It seems crazy to me now, but one of my concerns about moving back to the country was how I would manage to get fit.
I’m not sure why I thought fitness would be harder in the country. It’s not like city life was a stellar example of health and fitness. Not enough movement, too much pizzabeer (a term coined by my youngest sister to describe our #1 dietary foe). Sure, there were gyms in Seattle. I used to pay for an awesome gym that I almost never used. I also lived across the street from an awesome park, right by the Mountain to Sound trail. I appreciated the park a lot, but mostly through the window. The real problem was that I just didn’t prioritize fitness. While I theoretically valued healthy food and workouts, a cold, hard look at how I spent my time revealed that I clearly valued eating out and watching anime a lot more.
Moving to the country was supposed to be a life overhaul, so I decided I had to make fitness a priority. Since I’ve always loved the Nerd Fitness approach to getting healthy, one of the first things I did upon moving out here was enlist an ally in my cause. That ally ended up being a bit unlikely . . . my thirteen-year-old niece, Jayme.
After asking my sister for permission to work out with her oldest daughter a few times a week, I sold Jayme on the idea. Like me, she’s a huge nerd, so all it took were the words, “Legend of Zelda workout.”
I didn’t entirely realize how awesome an ally she would be until I heard a knock on my door the next Monday morning. As per my old habits, I had launched into my work week with vague ideas about working out at some point. I even had it on my Trello launching pad — a wishy-washy “work out with Jayme” under the “this week” list, no date or time assigned. But there were work deadlines, and blog deadlines, and so I decided I’d firm up a time with her . . . later. Instead, I spent the morning on my computer, until she knocked on my door asking if we could work out.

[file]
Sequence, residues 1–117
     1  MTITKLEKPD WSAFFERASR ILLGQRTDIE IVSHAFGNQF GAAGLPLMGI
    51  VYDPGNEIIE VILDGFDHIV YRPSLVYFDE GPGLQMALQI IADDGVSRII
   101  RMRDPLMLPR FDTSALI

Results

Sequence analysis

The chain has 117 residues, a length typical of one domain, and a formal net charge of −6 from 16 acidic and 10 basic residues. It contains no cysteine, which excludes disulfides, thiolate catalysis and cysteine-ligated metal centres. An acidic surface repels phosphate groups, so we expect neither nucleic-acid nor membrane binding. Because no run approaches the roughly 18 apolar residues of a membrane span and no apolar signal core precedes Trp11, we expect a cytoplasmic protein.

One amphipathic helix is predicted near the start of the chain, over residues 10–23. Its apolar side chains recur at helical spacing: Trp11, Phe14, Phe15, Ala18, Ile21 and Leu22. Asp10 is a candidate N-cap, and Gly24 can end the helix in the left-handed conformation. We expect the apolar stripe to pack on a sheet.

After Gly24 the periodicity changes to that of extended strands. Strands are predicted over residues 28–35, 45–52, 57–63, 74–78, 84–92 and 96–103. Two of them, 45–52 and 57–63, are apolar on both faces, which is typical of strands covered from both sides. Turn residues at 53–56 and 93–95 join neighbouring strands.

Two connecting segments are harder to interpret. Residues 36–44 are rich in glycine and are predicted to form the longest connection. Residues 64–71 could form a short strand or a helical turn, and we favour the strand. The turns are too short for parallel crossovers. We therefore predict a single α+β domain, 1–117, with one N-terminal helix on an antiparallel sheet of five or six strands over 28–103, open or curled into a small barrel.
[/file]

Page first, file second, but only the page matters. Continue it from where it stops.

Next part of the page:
To be honest, my first inclination was to put it off. Like I said, deadlines. But then I reasoned the work would still be there in an hour, while Jayme might have moved on to something else by then. So I put on my work out clothes and followed her across the gravel road, where all of her brothers and sisters were playing in the barn, under my sister’s supervision.
That barn was the most amazing gym I’ve ever seen.
We strung a towel up over one of the rafters to use for hookshot pull-ups. We found a big pipe to use for “item find” clean and presses. We had our choice of heavy objects for the iron boots farmer carries: hay bales, logs, little kids. My sister and some of her older kids joined in, and before long, the workout felt like a game, everyone running from circuit to circuit. My six-year-old nephew had a blast timing our 30-second farmer carries and yelling, “STOP!” at the top of his lungs. While waiting for my turn, I did overhead baby presses with my little niece, chatted with my sister, and cheered my other nieces and nephew through their workout. Half an hour later, I was sweaty, covered with hay, and grinning from ear to ear.